Mainboards – Great buying advice
In our special we take care of after taking a close look at the new Intel 11000 CPUs last week and also have offered general CPU purchase advice for motherboards. Today it’s about sockets, chipsets and the question of how to find a suitable mainboard. We clarify this and more and have also prepared 60 mainboards for current AMD and Intel CPUs in a market overview.
The tasks of the mainboard
Nothing works with a PC without a mainboard. The alternative name “main board” sums it up well, because the mainboard represents the central element of the inner workings of a PC.
It ensures that the individual components can communicate with one another, i.e. CPU, RAM and the drives as well as additional things such as a mouse, keyboard, printer or even a sound card. With a gaming PC, of course, there is also the graphics card, which is not necessary with many office PCs if the CPU has its own graphics unit (IGP). The BIOS or UEFI of a mainboard is in a chip and offers a kind of basic operating system. It enables basic settings such as checking the correct clock rate of CPU and RAM or specifying the drive from which a correct operating system is to be loaded later. The BIOS enables the PC to start in the first place so that Windows or another operating system can be installed. In addition to the basic tasks, the mainboard also offers slots for graphics cards or other additional cards. It also has numerous connections – accessible after installation on the back of the PC. For example for USB or for speakers and a network cable, since every mainboard has integrated a sound and network chip for several years. Last but not least, there are also connections on the mainboard that can be connected to the front of the case so that USB and audio ports are also available there.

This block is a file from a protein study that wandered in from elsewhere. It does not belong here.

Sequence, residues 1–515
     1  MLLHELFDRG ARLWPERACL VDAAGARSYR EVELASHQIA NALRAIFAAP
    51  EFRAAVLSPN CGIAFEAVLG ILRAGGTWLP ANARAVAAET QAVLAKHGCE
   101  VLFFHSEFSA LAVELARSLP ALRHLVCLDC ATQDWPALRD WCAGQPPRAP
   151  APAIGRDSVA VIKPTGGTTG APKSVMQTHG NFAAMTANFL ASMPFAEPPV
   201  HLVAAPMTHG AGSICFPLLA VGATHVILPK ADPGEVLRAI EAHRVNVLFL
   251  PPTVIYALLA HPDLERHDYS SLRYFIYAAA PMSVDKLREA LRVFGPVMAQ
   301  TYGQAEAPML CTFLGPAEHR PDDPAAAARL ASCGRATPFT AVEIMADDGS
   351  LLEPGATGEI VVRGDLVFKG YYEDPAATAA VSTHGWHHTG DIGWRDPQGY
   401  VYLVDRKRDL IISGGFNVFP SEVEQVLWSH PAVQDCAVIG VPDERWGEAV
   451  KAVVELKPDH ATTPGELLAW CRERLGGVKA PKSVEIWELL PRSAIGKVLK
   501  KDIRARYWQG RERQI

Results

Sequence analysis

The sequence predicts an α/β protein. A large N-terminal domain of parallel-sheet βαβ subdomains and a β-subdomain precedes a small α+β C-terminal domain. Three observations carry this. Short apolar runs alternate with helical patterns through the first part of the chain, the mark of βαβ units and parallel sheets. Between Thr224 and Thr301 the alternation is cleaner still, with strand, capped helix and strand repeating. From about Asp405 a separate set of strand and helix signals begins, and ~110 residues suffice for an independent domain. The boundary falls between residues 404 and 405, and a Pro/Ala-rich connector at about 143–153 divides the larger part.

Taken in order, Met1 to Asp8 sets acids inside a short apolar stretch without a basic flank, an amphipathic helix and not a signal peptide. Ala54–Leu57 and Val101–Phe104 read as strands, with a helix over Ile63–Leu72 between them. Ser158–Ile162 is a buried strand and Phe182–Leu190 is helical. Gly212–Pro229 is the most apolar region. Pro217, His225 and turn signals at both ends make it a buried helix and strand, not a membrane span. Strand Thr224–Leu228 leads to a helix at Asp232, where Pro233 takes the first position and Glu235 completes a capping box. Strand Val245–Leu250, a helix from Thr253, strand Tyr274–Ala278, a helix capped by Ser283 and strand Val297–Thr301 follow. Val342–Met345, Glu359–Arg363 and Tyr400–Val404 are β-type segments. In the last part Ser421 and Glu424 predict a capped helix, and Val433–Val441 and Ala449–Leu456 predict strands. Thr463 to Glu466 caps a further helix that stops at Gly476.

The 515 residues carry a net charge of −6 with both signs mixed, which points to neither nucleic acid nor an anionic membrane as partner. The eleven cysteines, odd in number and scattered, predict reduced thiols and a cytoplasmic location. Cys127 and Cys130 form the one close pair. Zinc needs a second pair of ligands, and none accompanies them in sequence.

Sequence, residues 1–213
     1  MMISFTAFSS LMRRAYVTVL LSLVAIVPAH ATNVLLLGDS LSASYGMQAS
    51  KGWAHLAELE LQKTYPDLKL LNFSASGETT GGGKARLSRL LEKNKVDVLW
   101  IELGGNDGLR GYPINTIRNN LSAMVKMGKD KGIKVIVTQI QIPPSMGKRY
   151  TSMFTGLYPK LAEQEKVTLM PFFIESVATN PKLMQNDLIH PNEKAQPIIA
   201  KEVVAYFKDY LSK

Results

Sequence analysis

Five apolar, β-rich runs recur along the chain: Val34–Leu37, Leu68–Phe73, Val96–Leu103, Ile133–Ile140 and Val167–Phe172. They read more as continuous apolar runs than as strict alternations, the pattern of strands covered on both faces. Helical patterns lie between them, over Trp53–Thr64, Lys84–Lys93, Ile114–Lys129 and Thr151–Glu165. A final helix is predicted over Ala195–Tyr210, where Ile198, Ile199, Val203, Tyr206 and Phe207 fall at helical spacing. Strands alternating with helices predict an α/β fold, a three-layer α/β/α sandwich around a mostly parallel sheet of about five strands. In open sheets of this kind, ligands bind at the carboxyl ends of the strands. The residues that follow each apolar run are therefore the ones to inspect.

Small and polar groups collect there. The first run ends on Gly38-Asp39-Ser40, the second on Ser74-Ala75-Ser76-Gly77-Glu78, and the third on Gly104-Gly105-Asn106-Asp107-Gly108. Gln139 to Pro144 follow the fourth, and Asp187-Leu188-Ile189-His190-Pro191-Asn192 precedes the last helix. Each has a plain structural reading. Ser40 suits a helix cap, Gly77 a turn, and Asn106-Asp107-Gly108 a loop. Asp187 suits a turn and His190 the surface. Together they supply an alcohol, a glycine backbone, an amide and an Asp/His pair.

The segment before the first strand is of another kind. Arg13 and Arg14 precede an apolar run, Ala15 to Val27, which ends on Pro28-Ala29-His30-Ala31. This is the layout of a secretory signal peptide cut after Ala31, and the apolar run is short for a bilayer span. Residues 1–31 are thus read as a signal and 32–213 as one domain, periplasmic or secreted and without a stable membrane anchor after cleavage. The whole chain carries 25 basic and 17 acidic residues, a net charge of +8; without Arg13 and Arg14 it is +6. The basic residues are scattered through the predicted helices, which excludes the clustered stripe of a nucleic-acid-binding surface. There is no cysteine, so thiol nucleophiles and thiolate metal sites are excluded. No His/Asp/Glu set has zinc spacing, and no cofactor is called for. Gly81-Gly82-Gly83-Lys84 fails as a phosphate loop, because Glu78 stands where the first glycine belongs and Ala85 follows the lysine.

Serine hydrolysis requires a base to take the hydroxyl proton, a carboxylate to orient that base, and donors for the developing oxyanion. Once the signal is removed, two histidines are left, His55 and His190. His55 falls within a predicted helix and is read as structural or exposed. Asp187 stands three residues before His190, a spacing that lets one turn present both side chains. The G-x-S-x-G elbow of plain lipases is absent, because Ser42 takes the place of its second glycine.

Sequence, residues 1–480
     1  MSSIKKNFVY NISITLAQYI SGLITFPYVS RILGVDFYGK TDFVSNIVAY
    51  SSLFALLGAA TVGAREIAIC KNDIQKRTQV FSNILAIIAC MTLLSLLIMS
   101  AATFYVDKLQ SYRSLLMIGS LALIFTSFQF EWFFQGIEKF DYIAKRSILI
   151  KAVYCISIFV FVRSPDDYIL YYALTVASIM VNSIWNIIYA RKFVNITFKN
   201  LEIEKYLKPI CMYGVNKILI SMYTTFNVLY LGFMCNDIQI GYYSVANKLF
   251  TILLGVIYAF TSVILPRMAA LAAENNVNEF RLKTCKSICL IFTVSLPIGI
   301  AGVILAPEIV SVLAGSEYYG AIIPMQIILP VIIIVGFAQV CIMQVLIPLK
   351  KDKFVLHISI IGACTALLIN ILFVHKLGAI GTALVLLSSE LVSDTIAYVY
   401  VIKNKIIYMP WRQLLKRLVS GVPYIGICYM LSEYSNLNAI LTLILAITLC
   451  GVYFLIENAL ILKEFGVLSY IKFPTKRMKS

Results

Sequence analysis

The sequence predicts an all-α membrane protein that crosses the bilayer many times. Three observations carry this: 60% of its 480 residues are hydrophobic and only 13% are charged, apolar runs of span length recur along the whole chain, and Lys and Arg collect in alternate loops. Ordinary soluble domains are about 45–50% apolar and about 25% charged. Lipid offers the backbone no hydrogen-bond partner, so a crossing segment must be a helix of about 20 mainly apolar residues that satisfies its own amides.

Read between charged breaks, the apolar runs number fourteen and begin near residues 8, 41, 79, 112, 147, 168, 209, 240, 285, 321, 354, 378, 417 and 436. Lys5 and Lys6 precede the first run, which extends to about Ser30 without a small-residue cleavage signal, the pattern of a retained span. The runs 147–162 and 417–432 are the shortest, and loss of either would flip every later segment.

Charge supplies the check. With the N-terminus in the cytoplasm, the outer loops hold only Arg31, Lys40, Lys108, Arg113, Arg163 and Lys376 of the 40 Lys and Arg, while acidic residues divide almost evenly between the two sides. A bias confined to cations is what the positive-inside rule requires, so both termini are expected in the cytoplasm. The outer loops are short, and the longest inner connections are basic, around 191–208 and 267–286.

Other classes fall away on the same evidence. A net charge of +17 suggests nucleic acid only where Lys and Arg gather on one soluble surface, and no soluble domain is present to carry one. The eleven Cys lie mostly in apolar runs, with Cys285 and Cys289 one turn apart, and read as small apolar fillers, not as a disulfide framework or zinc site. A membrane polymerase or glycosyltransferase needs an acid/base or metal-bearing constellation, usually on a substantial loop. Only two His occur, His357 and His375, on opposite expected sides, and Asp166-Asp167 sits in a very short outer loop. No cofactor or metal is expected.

Some models already have WLAN and Bluetooth on board – this occurs especially with the very small Mini-ITX models, as these are often used for living room PCs. The presence of WLAN prevents you from having to lay a long network cable to the PC.
A question of the base
Every mainboard has a very specific socket. This is the device into which the processor is inserted and then locked in place with a small lever. The CPU also “has” a socket – this refers to the nature of the CPU underside, which must match the mainboard socket exactly.
The CPU has many small contact points there that match the contact points on the socket – with Intel you can see the number of contacts by the socket name such as 1150, 1155 or 1200. This shows how delicate it is with processors. Currently, the processors of interest to gamers have the Intel 1151 v2 socket and the newer 1200 socket, while AMD has the AM4 socket. Matching mainboards must have exactly the same socket. Since there are often several CPU generations per socket, it can happen that a new CPU is not recognized even though it fits purely mechanically on an older mainboard due to a suitable socket.
Here a BIOS update is first necessary, which – if there is not even a picture on the monitor with the new CPU – can be carried out with the help of an older CPU. Some mainboards also offer an update via USB stick without a CPU having to be in the socket at all. In our special we will later offer motherboards for the two sockets with the currently best price-performance ratio for gamers, regardless of whether they are beginners or hardcore gamers with streaming ambitions, in a market overview: AMD AM4 and Intel 1200. The CPU Recommendations from our processor special linked at the beginning all have one of these two sockets.
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